Anderson added that the spreadsheet also “provides some key new evidence for utility regulators and consumer advocates to use to ensure that every dollar of ratepayer money that FirstEnergy misused to fund its secret political spending is publicly disclosed and refunded, with interest and ideally serious financial penalties.”

At the time, the author of the document that details the donations, Kristina Housley, was executive assistant to FirstEnergy’s Mike Dowling, who is now a defendant in a state criminal case along with former CEO Chuck Jones. 

Finding out all the details about the dark money spending behind HB 6 is like peeling back the layers of an onion, said Catherine Turcer, executive director of Common Cause Ohio. 

“The reason that transparency matters so much is that money that is spent in the shadows influences elections, and it influences really important policy decisions that impact us every day,” Turcer said. “And we have the right to know what is going on in government and how decisions are being made and who’s attempting to influence those decisions.”

The ‘Golden Boy’ for FirstEnergy

A December 2017 email from former FirstEnergy lobbyist Joel Bailey said Husted was working to get DeWine on board with FirstEnergy’s “issues.” FirstEnergy also supported other pro-DeWine/Husted efforts during the election cycle.

After the election, Husted and DeWine dined with Jones and Dowling on December 18, 2018. Later that night, FirstEnergy agreed to pay $4.3 million to energy lawyer Randazzo, who went on to become DeWine’s first pick for chair of the Public Utilities Commission of Ohio. FirstEnergy later identified Jones and Dowling as the two people responsible for paying alleged bribes. 

Husted’s office has been evasive about his recollections, despite Jones noting in texts to Randazzo that the PUCO chair position was discussed in at least general terms. Another text by Jones in 2019 said the DeWine/Husted team was forced “to perform battlefield triage” to secure Randazzo’s nomination after a 198-page dossier provided to DeWine’s staff threatened to derail it.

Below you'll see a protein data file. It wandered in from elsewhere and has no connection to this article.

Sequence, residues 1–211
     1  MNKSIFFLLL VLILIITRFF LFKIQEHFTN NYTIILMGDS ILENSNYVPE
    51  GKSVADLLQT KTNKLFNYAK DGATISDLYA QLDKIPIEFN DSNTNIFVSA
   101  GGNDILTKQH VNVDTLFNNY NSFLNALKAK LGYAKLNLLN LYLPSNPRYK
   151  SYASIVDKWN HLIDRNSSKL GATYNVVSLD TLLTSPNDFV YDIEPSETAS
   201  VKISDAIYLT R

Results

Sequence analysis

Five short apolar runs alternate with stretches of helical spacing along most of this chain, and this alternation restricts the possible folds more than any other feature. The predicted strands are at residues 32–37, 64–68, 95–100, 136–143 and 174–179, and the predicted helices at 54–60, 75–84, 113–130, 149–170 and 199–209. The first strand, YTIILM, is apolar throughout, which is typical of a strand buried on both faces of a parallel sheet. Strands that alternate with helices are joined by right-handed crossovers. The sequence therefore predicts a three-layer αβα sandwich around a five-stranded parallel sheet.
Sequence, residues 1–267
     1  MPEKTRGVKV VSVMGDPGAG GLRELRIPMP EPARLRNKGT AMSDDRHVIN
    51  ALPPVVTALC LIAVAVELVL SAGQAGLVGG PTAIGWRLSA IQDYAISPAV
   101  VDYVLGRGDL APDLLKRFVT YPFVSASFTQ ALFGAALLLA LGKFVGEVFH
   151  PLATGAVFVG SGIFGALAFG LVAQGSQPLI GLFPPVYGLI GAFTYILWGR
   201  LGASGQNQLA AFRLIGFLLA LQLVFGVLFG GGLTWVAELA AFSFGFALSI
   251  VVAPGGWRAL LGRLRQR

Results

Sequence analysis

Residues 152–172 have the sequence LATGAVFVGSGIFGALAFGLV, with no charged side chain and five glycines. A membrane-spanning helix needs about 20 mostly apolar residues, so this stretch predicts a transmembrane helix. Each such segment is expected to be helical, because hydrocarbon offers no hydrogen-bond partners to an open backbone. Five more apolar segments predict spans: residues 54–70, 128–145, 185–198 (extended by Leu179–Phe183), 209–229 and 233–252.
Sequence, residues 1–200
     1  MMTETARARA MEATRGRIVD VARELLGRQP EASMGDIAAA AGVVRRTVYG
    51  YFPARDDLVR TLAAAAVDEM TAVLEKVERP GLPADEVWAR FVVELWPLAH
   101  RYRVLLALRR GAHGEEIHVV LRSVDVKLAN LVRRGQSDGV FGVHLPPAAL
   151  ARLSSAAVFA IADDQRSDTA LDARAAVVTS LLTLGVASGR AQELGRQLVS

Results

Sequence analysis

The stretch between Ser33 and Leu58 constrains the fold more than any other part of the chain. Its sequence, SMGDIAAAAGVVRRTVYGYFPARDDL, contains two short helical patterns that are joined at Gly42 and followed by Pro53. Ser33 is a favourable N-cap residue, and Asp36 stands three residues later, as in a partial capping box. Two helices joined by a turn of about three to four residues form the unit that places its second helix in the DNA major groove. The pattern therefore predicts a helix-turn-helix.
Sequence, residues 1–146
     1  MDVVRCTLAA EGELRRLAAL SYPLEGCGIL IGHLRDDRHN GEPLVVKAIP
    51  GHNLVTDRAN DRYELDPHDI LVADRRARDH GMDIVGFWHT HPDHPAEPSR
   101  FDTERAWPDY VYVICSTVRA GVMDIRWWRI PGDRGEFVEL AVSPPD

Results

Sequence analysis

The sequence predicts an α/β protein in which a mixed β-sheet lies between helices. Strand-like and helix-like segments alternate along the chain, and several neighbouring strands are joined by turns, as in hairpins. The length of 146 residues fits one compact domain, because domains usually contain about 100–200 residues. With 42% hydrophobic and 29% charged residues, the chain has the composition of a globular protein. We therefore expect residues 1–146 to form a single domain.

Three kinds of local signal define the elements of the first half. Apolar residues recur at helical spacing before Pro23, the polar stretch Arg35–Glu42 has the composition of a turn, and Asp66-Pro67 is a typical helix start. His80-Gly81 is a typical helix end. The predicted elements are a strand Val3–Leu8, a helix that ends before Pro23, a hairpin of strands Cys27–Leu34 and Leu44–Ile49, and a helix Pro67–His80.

Evidence from last year’s criminal trial of Householder, the former Ohio House speaker, and lobbyist Matt Borges also included messages between former FirstEnergy executives Jones and Dowling about Husted working behind the scenes to build support for the bill. Among the actions were efforts to extend the bailout period for the company’s former nuclear power plants in Ohio.

Husted long a friend of utilities

Husted had been Ohio’s secretary of state immediately before becoming lieutenant governor. Before that, he served as House speaker in the General Assembly. In that role, he played a pivotal part in securing passage of another major energy bill, Senate Bill 221. 

At the time, Husted supported the law’s clean energy standards that were ultimately gutted by HB 6. However, SB 221 set the stage for so-called electric security plans. Those have let FirstEnergy and other utilities avoid full rate cases for more than a decade, while allowing cross-subsidies and adding multiple additional charges to consumers’ bills. 

“That bill upset the balance” of energy regulation in Ohio, said Ashley Brown, a former PUCO commissioner. “It was a humongous gift for the utilities.”

Lawmakers repealed HB 6’s $1 billion-plus in subsidies for FirstEnergy’s former nuclear power plants and its recession-proofing provisions in 2021, eight months after the arrests of Householder and others. 

Earlier this year, Husted told NBC4 in Columbus the rest of HB 6 “needs to be completely removed.” He did not respond to Energy News Network questions this week about whether that includes both the law’s subsidies for two 1950s-era coal plants and its gutting of Ohio’s renewable energy and energy efficiency standards. 

FirstEnergy spokesperson Jennifer Young declined to comment on the company’s 2017 donation to Freedom Frontier due to ongoing litigation. However, she added, “FirstEnergy will post information regarding its support of 501(c)(4) social welfare organizations on the company’s website on a quarterly basis.”

Those disclosures are currently required under the company’s July 2021 deferred prosecution agreement. That agreement expires later this year.

Meanwhile, FirstEnergy still has not disclosed its dark money spending for the years 2018 through 2020. And proposals for reforms that would require such disclosures from all electric utilities remain stalled in the General Assembly.

“It’s incredibly frustrating that Ohioans can be aware that dark money impacted decision-making at the statehouse,” Turcer said, “and yet we still haven’t gotten the legislators to create greater transparency.”

The Energy News Network is a nonprofit news site dedicated to keeping influencers, policymakers and citizens informed of the important changes taking place in the transition to a clean energy system. Floodlight is a nonprofit newsroom that investigates the powerful interests stalling climate action.